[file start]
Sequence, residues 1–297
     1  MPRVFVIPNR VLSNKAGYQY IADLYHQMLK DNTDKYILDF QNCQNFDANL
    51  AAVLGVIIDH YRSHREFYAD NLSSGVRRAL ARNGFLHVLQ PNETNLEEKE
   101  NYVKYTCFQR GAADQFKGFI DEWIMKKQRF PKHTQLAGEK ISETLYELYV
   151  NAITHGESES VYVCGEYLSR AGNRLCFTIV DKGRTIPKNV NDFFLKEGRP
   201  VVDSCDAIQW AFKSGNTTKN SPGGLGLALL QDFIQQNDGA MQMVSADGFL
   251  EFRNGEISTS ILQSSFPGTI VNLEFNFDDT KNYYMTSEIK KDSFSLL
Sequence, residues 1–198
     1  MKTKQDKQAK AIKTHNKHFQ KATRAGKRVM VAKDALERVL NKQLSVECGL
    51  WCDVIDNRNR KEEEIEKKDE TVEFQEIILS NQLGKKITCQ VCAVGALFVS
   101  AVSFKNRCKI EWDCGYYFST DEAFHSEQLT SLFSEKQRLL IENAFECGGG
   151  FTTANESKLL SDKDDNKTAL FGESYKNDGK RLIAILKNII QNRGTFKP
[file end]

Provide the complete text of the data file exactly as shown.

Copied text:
Sequence, residues 1–297
     1  MPRVFVIPNR VLSNKAGYQY IADLYHQMLK DNTDKYILDF QNCQNFDANL
    51  AAVLGVIIDH YRSHREFYAD NLSSGVRRAL ARNGFLHVLQ PNETNLEEKE
   101  NYVKYTCFQR GAADQFKGFI DEWIMKKQRF PKHTQLAGEK ISETLYELYV
   151  NAITHGESES VYVCGEYLSR AGNRLCFTIV DKGRTIPKNV NDFFLKEGRP
   201  VVDSCDAIQW AFKSGNTTKN SPGGLGLALL QDFIQQNDGA MQMVSADGFL
   251  EFRNGEISTS ILQSSFPGTI VNLEFNFDDT KNYYMTSEIK KDSFSLL
Sequence, residues 1–198
     1  MKTKQDKQAK AIKTHNKHFQ KATRAGKRVM VAKDALERVL NKQLSVECGL
    51  WCDVIDNRNR KEEEIEKKDE TVEFQEIILS NQLGKKITCQ VCAVGALFVS
   101  AVSFKNRCKI EWDCGYYFST DEAFHSEQLT SLFSEKQRLL IENAFECGGG
   151  FTTANESKLL SDKDDNKTAL FGESYKNDGK RLIAILKNII QNRGTFKP